of memory that are
managed by the
kernel are governed by access control flags that are somewhat analogous to
the permissions which are applied to files. Those flags govern whether
the page can be written to and whether its contents can be executed. Both
attributes are useful to restrict what can happen to those pages in the
programming errors or security attacks. A pair of patches that were
merged in the current merge window will further extend the usage of these
flags for the x86 architecture.
The page access flags, unlike file permissions, are enforced by
the memory management hardware. The flags of interest for these patches
are "write" and "execute", both of which imply "read" access, so they are
often specified as follows: RO+X (read-only and execute) or RW+NX (read-write
and no-execute). By restricting the usage of these pages, the scope of
security flaws can be reduced because, for example, a buffer overflow in an
NX page will not be directly useful for code execution.
The memory that is used by the kernel to hold its read-only data (i.e. the
has been able to be marked read-only since 2.6.16 in early 2006, depending
CONFIG_DEBUG_RODATA. In 2.6.25, the kernel .rodata
segment was additionally marked NX (i.e. no-execute), but only for the
x86_64 architecture. A patch that was
originally created for 2.6.30 (for both the 32 and 64-bit x86 architectures)
expanded the use of NX for all kernel data pages, including read-write
sections for initialized
data and BSS.
That patch was created by Siarhei Liakh and Xuxian Jiang but had fallen by
the wayside after causing some boot
crashes on one of Ingo Molnar's test systems. When Kees Cook brought
up the idea of doing better page access protection of the kernel's memory,
that Matthieu Castet had "dusted off those patches and submitted two
of them", back in August. After a few iterations, Molnar pulled
them into the -tip tree, and Linus Torvalds pulled that for the mainline in
2.6.38 merge window.
The revised patch itself is fairly
straightforward. If CONFIG_DEBUG_RODATA is set, various sections
of the kernel (.text and .rodata) are page aligned for
both their start and end addresses.
The NX bit is set for all pages from the end of the .text
(i.e. code) section to the _end address that marks the end of the
kernel's data section.
There were two other pieces of the puzzle addressed in the patch, the first
of which was presumably the cause of the boot crashes that Molnar
had with the earlier patch. Some older systems that use PCI BIOS require
that some pages in the 640K-1M region be executable. There are also some
ISA mappings that require read-write access to that region. Rather than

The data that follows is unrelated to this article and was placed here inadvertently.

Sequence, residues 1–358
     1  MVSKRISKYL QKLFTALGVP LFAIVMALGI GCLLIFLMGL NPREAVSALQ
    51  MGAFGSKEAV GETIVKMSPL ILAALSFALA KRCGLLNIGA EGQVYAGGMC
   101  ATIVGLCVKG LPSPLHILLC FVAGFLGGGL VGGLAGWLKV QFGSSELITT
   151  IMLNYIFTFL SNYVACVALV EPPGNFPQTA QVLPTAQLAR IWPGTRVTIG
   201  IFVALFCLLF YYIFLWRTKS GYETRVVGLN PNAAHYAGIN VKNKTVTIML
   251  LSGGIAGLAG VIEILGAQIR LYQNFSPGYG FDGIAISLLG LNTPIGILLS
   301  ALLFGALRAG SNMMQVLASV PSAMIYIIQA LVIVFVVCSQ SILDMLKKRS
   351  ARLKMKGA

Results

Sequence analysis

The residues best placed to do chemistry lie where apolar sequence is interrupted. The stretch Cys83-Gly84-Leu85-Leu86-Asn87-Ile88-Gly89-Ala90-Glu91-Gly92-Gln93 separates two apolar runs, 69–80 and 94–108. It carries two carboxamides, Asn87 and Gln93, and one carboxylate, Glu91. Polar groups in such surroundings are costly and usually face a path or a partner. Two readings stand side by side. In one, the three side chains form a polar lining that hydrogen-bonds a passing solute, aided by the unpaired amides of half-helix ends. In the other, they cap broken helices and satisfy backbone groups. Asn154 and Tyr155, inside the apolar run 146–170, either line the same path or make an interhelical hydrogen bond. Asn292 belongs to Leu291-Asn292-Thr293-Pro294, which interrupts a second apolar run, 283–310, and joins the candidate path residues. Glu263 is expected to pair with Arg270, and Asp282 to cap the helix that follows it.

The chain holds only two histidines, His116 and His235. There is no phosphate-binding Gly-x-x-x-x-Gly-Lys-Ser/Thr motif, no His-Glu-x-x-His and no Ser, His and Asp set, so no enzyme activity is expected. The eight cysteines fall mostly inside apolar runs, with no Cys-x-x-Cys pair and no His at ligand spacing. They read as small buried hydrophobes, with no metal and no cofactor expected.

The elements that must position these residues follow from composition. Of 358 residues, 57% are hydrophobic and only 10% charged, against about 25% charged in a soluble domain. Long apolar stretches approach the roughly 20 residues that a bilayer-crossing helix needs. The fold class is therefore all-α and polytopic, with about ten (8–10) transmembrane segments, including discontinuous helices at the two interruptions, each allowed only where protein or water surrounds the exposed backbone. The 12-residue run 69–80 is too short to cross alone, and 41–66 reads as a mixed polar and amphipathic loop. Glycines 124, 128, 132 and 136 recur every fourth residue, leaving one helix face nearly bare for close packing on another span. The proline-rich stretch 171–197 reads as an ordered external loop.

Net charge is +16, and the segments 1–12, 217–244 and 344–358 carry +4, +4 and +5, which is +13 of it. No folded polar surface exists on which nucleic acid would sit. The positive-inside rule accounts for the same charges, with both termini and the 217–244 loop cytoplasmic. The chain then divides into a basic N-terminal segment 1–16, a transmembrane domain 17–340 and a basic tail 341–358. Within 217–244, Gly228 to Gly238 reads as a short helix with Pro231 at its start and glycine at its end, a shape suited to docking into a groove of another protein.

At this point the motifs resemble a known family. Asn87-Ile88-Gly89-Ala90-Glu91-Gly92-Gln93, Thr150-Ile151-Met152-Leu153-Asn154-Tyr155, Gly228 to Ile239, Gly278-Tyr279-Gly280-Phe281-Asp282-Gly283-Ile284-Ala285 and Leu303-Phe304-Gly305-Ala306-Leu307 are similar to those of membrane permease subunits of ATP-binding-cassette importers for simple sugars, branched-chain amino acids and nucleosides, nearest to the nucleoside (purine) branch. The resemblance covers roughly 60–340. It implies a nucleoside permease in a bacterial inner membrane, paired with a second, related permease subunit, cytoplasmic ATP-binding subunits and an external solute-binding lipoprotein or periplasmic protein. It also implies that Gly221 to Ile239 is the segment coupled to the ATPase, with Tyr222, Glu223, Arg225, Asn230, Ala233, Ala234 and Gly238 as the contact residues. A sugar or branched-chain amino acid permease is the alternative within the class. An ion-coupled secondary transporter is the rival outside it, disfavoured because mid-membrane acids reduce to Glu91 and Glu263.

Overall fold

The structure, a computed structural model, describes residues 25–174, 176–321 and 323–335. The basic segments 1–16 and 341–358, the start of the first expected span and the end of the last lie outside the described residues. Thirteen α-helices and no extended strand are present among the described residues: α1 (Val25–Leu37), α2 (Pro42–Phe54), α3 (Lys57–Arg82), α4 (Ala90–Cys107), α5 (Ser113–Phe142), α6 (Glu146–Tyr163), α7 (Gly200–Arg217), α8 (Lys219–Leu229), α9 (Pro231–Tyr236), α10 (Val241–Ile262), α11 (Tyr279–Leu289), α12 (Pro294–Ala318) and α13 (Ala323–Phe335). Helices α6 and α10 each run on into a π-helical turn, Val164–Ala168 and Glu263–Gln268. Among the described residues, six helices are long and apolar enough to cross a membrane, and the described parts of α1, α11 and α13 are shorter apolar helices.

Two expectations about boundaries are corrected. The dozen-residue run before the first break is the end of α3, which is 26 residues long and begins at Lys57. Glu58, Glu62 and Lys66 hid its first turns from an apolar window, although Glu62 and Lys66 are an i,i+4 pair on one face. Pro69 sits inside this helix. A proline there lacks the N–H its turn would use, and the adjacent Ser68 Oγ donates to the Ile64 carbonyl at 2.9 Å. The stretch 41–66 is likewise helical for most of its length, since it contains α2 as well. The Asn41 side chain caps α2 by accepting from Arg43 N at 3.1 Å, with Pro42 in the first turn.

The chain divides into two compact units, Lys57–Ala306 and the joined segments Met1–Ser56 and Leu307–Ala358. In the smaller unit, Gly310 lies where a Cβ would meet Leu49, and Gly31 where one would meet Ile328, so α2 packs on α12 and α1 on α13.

try to work all of that out, and potentially run afoul of buggy hardware,
the patch just sets pages in that region to be RW+X on systems where PCI
BIOS is used. The second
change simply modifies free_init_pages() to turn on NX for any
are freed that way, so that those pages have to be explicitly allowed to
store executable code when they are reused.
patch adds read-only and no-execute flags to the pages used by
kernel modules. It came from the same developers, and seems to have been
dropped from -tip along with the NX patch. And, like the other patch, Castet pushed it the
last bit to finally get it included in the mainline.
The patch splits the module_core and module_init regions into three parts: code,
read-only data, and read-write data. Each of those parts is page aligned
and the page access permissions are set just before load_module()
returns. For the code pieces, RO+X are set, while the
data parts get NX and either RO or RW depending on
the type of data.
These changes are all governed by the setting of
Beyond setting the page access control flags at module load time, the
kernel must also reset those flags to RW+NX when the module is unloaded.
In addition, the module_init region is freed after
initialization is completed and its pages need to be put back to RW+NX.
There is one further wrinkle: Ftrace needs to be able to modify the code
in modules to enable tracepoints, so the patch provides a means for all
module text pages to be set RW while Ftrace is making those changes, and
then to set them back to RO afterward.
Marking the kernel module pages as RO and/or NX is important not only because
it is consistent with how the rest of the kernel pages are handled, but
also because it makes other kernel protection efforts actually work for
modules. For example, there has been an effort to declare structures of function
pointers as const, so that exploits cannot change the pointers for
their own nefarious purposes, but that only works if the .rodata
pages are actually marked RO.
The main cost of these patches is some bits of wasted memory from page aligning
the various sections. Since that cost is probably not significant for any but
the most resource-constrained embedded systems, it would make sense for
CONFIG_DEBUG_RODATA and CONFIG_DEBUG_SET_MODULE_RONX to
be turned on for most distributions—or to default to "on", though
that is generally frowned upon by Torvalds and others.
The fact that these patches have been around for a while, but never quite
made the jump into the mainline is unfortunate. There is no real person or
group that is currently shepherding core kernel security patches along,
and Dan Rosenberg have recently been making an effort to push these kinds
of changes. Cook's query helped resurrect both of
these patches; they might have languished far longer without that
It is also worth noting that much or all of the protections embodied in
these patches have long been available in the grsecurity/PaX kernels.
While no wholesale import of the features from those kernels is ever going
to happen, piecemeal patches that implement "sane" (at least in Torvalds's eyes) features can be adopted.
That should lead to better kernel security, which is something that is
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